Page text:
(We again invited recording engineer and musician Sean Golyer (Oak Pantheon) to give us his year-end list of personal favorites, and he again agreed.)
As is customary for three years now (wow, really?), my list primarily consists of the albums that got the most spins, as well as a few blasphemous unmetal picks for those willing to explore a bit. This may leave out otherwise very choice albums from a year jam-packed with crazy good metal. Seriously, 2013 has been extraordinary, particularly for those of us with a penchant for the blackened side of things. Unfortunately, as of late I’m just too busy in my personal life to check them all out or give them more time. But these are the albums that stood out to me the most and kept my interest well beyond the first listen.
Caladan Brood – “Echoes of Battle”
What’s there left to say beyond what I’ve already said over at Metal Bandcamp? This album came out of nowhere early in the year and I’ve been listening to it pretty regularly ever since. All the coolest, heaviest parts of Summoning wrapped into a very well-produced and mixed package. One of those few examples that truly live up to the title of “epic”. Feathers might be ruffled, but I enjoyed this release far more than the actual Summoning album that came out this year. This is always how I’ve wanted them to sound, which is purely subjective and selfish on my part, but hey, we’ve all got our own tastes.
Nerves – S/T EP
In what I can best describe as psychedelic sludgecore, this EP is truly a disturbing (and enthralling) journey through the darkest depths of the human psyche. From early demos to numerous live performances, I’ve watched this group continue to refine their controlled chaos of sound, finally manifesting itself in this self-titled EP. Criminally underrated and unheard of, this beast of a debut deserves far more credit than what it’s been given since its release. If the ferocity of Converge combined with the twangy atmospheres of Mastodon sounds like something you might enjoy, I highly recommend giving this a spin.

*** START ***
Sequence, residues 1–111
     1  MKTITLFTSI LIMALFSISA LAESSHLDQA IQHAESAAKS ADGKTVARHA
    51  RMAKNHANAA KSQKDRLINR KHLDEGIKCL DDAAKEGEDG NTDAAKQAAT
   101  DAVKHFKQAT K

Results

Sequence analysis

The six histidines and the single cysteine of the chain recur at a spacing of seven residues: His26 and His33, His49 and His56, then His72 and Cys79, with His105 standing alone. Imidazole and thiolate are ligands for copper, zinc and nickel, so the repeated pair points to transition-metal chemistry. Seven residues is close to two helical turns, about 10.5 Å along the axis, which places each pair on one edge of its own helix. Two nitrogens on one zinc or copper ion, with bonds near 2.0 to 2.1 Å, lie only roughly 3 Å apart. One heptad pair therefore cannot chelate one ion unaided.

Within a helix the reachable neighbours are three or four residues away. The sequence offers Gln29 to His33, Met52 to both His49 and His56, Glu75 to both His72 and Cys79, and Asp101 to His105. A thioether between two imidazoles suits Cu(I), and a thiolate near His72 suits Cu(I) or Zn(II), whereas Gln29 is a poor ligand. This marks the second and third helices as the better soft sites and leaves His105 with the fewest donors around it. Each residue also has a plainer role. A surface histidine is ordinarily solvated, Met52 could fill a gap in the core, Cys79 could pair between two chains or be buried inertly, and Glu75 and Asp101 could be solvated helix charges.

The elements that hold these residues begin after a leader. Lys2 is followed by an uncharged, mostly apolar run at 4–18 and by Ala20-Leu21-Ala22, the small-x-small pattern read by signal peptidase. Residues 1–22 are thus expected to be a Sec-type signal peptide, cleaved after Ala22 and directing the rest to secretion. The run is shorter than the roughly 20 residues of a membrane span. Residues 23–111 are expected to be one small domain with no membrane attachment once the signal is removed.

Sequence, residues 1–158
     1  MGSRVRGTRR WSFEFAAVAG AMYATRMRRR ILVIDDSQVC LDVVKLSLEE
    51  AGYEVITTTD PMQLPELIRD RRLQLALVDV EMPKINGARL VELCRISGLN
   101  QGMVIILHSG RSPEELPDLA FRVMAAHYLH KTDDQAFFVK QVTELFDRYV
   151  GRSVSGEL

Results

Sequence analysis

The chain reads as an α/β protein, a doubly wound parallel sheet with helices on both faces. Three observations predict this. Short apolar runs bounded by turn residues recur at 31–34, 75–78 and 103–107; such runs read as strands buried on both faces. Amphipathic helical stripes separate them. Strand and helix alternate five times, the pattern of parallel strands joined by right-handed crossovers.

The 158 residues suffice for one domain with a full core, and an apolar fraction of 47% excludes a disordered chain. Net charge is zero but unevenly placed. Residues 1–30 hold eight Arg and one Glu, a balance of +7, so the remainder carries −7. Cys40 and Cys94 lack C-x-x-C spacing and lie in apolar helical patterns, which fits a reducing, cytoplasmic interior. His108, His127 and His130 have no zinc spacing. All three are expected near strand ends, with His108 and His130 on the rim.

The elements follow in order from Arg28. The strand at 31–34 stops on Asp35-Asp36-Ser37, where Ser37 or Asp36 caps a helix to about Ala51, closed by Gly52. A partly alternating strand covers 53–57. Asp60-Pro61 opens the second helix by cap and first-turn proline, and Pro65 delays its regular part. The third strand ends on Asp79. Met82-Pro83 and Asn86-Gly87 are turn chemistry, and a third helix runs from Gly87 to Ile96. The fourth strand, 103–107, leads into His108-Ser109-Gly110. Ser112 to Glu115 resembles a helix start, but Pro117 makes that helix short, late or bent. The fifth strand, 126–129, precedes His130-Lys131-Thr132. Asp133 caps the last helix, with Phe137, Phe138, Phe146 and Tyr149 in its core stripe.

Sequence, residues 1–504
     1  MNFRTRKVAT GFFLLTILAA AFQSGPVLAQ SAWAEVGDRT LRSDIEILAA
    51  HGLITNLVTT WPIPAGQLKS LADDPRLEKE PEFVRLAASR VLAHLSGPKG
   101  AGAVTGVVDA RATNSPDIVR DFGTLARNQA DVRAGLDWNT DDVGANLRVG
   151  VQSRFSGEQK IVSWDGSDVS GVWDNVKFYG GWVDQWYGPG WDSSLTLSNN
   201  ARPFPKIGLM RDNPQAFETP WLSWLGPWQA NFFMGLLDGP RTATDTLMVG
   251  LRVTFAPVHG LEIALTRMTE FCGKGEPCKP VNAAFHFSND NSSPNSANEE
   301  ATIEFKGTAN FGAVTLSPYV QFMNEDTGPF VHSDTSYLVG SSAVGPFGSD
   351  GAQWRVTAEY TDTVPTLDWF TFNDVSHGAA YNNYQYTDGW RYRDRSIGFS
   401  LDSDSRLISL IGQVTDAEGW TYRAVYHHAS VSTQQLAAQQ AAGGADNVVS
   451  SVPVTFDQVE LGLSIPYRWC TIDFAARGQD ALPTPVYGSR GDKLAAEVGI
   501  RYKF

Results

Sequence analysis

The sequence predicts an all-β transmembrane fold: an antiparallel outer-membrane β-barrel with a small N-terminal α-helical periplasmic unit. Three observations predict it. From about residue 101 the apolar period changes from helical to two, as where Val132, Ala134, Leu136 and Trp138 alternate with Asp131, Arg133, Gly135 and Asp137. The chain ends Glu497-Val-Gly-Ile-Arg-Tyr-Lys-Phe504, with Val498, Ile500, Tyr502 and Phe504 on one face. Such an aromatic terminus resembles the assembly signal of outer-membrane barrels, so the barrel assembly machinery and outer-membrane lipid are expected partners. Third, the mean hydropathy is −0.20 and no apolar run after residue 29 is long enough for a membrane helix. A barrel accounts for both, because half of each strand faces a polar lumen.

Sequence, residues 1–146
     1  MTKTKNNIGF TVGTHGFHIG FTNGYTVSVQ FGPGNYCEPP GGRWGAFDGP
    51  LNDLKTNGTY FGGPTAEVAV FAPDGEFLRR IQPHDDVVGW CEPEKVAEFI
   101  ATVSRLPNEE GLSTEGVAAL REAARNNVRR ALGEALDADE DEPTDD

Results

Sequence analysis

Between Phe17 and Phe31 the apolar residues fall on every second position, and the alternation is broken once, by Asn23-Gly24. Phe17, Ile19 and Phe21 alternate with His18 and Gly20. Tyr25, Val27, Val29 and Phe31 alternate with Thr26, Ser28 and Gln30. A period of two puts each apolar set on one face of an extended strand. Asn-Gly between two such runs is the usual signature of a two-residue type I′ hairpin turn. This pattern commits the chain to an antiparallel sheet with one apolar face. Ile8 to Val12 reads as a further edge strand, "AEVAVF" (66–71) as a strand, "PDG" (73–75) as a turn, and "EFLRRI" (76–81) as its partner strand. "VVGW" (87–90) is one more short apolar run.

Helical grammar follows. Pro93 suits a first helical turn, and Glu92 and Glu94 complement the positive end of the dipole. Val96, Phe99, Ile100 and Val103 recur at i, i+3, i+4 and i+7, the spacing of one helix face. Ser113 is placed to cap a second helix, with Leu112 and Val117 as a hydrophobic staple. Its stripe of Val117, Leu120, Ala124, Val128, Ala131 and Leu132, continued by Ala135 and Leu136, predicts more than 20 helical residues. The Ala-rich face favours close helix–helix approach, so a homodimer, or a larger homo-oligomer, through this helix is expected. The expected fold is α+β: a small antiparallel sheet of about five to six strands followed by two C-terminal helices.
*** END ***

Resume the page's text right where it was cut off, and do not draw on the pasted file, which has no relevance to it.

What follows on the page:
Ghost B.C. – “Infestissium”
I hate to hop on board the hype train, but I’ll be damned if I don’t admit to listening to this album more than just about anything else this year. It’s a more chilled-out and matured sound than their debut, but with just as many hooks and throwbacks to the stylings of Blue Oyster Cult to keep me satisfied. The debate over whether they’re “metal” or not is really immaterial to me, it’s just plain fun to listen to and sing along with. It’s close enough to the sound of the early days of heavy metal for me.
Deafheaven – “Sunbather”
If Weezer ever wrote a black metal album, this would be it. Summer-y, upbeat melodies, high intensity walls of guitar, blazing drums, and distant, washy shrieks filled the warmer months of 2013 for me. And yet, there was always something strangely unsettling about the mood of this album. Despite the multitude of decisively Major chord progressions, there was this eerie feeling of emptiness throughout. It was like all that happiness was a ruse that slowly eroded away until reality smacked you in the face. I find that my limited vocabulary struggles to describe it, but by the end of it all I still felt depressed. But that’s when I know I’ve encountered a great album, when it makes me feel something, even if it made me feel like shit. Absolutely superb sophomore release from a handful of extremely talented musicians.
Saor – “Roots”